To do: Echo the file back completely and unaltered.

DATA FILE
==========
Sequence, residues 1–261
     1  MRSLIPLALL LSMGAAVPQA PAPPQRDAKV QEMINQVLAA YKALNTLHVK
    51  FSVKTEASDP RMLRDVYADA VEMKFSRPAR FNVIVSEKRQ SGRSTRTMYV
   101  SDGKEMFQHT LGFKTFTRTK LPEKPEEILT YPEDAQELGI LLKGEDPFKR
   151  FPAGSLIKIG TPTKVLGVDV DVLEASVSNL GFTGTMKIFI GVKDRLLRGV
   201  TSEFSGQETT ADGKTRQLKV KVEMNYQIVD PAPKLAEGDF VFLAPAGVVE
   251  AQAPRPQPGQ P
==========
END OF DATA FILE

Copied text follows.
Sequence, residues 1–261
     1  MRSLIPLALL LSMGAAVPQA PAPPQRDAKV QEMINQVLAA YKALNTLHVK
    51  FSVKTEASDP RMLRDVYADA VEMKFSRPAR FNVIVSEKRQ SGRSTRTMYV
   101  SDGKEMFQHT LGFKTFTRTK LPEKPEEILT YPEDAQELGI LLKGEDPFKR
   151  FPAGSLIKIG TPTKVLGVDV DVLEASVSNL GFTGTMKIFI GVKDRLLRGV
   201  TSEFSGQETT ADGKTRQLKV KVEMNYQIVD PAPKLAEGDF VFLAPAGVVE
   251  AQAPRPQPGQ P